Review: The Blackboard Jungle by Evan Hunter

The Blackboard Jungle is a novel that is best remembered for its film adaption (starring Glen Ford and Sidney Poitier in his breakout role,) that started riots in various parts of the world were it was shown, while author Evan Hunter would later find fame writing crime novels under the alias Ed McBain. (Evan Hunter was the novelists name after he changed it legally from Salvatore Albert Lombino. Throughout his long career he would also use several other aliases.) But what is surprising about this book, first published in the early 1950s, is just how relevant some of the themes of teenage delinquency are today and what little has changed.

The novel tells the story of Richard Dadier, a World War Two Veteran who has recently qualified as a secondary school teacher and now must spend a year teaching at a vocational school in New York. The boys at the school are rough, tough and basically illiterate and most of the teachers are just trying to survive their day job. Initially Dadier wins the respect of his students, but this is soon lost when he steps in and prevents a student from raping a female teacher. From that moment on, Dadier, known disrespectfully as Daddy-oh by his students, must suffer all kinds of shocking moments--a brutal beating after school, anonymous letters being sent to his wife, until eventually the year culminates in a shocking incident where he is stabbed by a student and Miller, the one student that Dadier holds out all hope for, must decide whether he is one of the boys, or if he can stand up and be a man.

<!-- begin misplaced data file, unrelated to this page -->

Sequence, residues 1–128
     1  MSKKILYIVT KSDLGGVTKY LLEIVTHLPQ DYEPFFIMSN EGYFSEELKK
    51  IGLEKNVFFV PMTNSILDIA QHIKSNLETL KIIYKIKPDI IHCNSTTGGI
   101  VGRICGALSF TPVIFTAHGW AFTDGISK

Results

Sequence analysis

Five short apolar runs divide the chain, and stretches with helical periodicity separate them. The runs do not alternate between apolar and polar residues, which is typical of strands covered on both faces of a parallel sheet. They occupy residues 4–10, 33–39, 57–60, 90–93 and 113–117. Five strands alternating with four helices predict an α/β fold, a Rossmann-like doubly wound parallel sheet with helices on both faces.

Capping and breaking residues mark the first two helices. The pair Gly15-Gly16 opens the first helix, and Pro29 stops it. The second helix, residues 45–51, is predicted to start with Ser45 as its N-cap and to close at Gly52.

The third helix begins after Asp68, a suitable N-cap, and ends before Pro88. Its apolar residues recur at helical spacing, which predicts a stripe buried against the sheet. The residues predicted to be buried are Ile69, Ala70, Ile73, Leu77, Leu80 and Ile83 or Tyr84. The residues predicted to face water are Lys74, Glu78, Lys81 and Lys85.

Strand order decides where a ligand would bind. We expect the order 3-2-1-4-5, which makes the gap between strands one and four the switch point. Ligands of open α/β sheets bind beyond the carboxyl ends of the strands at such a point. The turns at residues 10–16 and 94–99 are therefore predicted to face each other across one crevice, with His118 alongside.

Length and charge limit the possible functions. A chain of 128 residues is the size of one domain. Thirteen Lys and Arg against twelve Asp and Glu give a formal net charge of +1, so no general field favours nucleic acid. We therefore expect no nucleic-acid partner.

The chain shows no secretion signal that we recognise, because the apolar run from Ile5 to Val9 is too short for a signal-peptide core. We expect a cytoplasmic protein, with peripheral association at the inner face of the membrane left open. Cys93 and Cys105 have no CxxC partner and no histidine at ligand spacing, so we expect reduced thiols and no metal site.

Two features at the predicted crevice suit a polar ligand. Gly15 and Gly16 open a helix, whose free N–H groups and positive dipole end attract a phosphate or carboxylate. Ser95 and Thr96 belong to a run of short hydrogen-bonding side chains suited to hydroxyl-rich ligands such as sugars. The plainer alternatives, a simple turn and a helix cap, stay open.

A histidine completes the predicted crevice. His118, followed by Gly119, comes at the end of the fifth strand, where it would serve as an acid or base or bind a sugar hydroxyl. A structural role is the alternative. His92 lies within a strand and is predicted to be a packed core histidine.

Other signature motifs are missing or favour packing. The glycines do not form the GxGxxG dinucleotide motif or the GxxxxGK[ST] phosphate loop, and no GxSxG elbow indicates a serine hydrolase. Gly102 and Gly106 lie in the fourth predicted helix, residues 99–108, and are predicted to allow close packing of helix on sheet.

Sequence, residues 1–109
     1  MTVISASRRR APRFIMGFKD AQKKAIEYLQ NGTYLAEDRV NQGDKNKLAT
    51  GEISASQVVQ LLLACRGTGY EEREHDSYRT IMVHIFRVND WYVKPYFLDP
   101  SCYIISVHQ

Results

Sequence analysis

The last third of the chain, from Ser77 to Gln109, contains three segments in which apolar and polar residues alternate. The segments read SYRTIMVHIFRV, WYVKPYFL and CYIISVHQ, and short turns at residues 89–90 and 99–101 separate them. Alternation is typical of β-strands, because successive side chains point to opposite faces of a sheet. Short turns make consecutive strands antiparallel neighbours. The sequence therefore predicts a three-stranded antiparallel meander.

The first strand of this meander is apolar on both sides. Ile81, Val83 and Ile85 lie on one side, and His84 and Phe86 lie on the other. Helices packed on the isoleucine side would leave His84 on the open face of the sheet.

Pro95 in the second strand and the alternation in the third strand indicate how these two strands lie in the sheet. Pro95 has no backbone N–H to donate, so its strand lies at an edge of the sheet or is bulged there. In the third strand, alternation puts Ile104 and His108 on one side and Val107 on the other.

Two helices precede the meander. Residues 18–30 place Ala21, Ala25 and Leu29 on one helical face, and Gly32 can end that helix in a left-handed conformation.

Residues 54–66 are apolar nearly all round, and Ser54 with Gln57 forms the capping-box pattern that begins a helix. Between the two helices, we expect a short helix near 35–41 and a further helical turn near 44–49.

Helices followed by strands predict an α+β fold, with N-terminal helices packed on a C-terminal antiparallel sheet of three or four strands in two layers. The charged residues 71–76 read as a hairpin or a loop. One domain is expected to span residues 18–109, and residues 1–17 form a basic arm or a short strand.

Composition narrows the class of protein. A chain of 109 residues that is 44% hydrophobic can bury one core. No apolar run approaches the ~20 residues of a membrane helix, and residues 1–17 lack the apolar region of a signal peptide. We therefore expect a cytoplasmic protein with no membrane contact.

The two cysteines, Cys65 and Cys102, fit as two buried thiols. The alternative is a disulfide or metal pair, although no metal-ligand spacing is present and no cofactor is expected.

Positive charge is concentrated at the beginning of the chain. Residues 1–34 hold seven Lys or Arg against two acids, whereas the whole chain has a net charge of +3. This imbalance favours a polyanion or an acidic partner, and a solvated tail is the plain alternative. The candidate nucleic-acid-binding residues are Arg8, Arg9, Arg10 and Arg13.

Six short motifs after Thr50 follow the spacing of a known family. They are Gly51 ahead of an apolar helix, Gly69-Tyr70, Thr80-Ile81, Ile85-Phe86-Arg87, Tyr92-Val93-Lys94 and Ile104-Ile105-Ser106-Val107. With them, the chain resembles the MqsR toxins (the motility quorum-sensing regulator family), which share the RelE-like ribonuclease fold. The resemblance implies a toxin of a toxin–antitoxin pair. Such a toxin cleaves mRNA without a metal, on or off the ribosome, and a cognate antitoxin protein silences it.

There are parts of this novel that may as well be set in modern day. The author taps in, and nails, some of the most shocking parts of what makes some teenagers turn bad--most notably, the inability to think independently and outside of the confines of the group. Through Miller's character, we see the importance of bystander intervention and just how difficult it is for that one person who could make all the difference in the world to stand up. The way that some of the teachers are portrayed is as shocking as it is realistic, there is the ironically named Manners who wants nothing more than to be transferred to an all-girls school so that he can perve on, and perhaps have affairs with, the students there, and Solly who has resigned himself to the fact that things are never going to change so it seems pointless to keep trying. And then there is Josh, another graduate teacher who wants nothing more than to teach his students and to share his love of music, but whose dreams are left shattered when the boys in his class break his entire record collection, seemingly because they cannot comprehend its value but understand completely how it would hurt and upset their teacher. And then, of course, there is the troubling portrayal of Miss Havisham, the teacher who is almost raped. When she is introduced, the author notes: Solly wondered if she would wear that blouse on Monday, because if she did there would surely be a rape. Either from the students or the teachers or maybe both. Obviously, this is foreshadowing, seeing as an attempted rape later takes place. But as a contemporary reader, I found it troubling, just as I found her character troubling. Following her sexual assualt, Miss Havisham flirts with Dadier regularly, conveniently ignoring the fact that he is devoted to his pregnant wife Anne. She is, essentially, portrayed as a woman who is 'asking for it' while Dadier seems to be the only male character who is able to sufficiently control himself around her. There is basically no getting around the fact that the character and her part of the story is extremely condescending and sexist.

Despite a few flaws, this one is (mostly) a well written and interesting read. Recommended.

PS Just for fun, I'm including a link to the dramatic stabbing scene from the film. View it here.


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